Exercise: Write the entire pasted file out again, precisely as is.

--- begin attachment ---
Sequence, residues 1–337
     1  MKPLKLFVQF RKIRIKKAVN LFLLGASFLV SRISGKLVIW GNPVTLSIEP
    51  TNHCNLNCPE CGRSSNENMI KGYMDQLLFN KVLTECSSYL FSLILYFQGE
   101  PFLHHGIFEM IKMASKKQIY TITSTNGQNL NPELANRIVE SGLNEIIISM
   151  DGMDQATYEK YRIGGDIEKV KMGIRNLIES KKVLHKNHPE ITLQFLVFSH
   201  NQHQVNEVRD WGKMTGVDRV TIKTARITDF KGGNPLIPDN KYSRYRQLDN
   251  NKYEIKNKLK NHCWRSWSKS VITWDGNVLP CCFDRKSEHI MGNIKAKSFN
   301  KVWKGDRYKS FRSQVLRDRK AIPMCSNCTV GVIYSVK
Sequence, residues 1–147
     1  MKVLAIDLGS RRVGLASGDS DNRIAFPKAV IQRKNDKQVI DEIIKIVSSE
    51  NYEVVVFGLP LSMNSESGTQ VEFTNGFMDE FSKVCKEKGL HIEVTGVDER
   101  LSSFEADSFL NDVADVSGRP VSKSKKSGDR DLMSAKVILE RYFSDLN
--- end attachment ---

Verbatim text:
Sequence, residues 1–337
     1  MKPLKLFVQF RKIRIKKAVN LFLLGASFLV SRISGKLVIW GNPVTLSIEP
    51  TNHCNLNCPE CGRSSNENMI KGYMDQLLFN KVLTECSSYL FSLILYFQGE
   101  PFLHHGIFEM IKMASKKQIY TITSTNGQNL NPELANRIVE SGLNEIIISM
   151  DGMDQATYEK YRIGGDIEKV KMGIRNLIES KKVLHKNHPE ITLQFLVFSH
   201  NQHQVNEVRD WGKMTGVDRV TIKTARITDF KGGNPLIPDN KYSRYRQLDN
   251  NKYEIKNKLK NHCWRSWSKS VITWDGNVLP CCFDRKSEHI MGNIKAKSFN
   301  KVWKGDRYKS FRSQVLRDRK AIPMCSNCTV GVIYSVK
Sequence, residues 1–147
     1  MKVLAIDLGS RRVGLASGDS DNRIAFPKAV IQRKNDKQVI DEIIKIVSSE
    51  NYEVVVFGLP LSMNSESGTQ VEFTNGFMDE FSKVCKEKGL HIEVTGVDER
   101  LSSFEADSFL NDVADVSGRP VSKSKKSGDR DLMSAKVILE RYFSDLN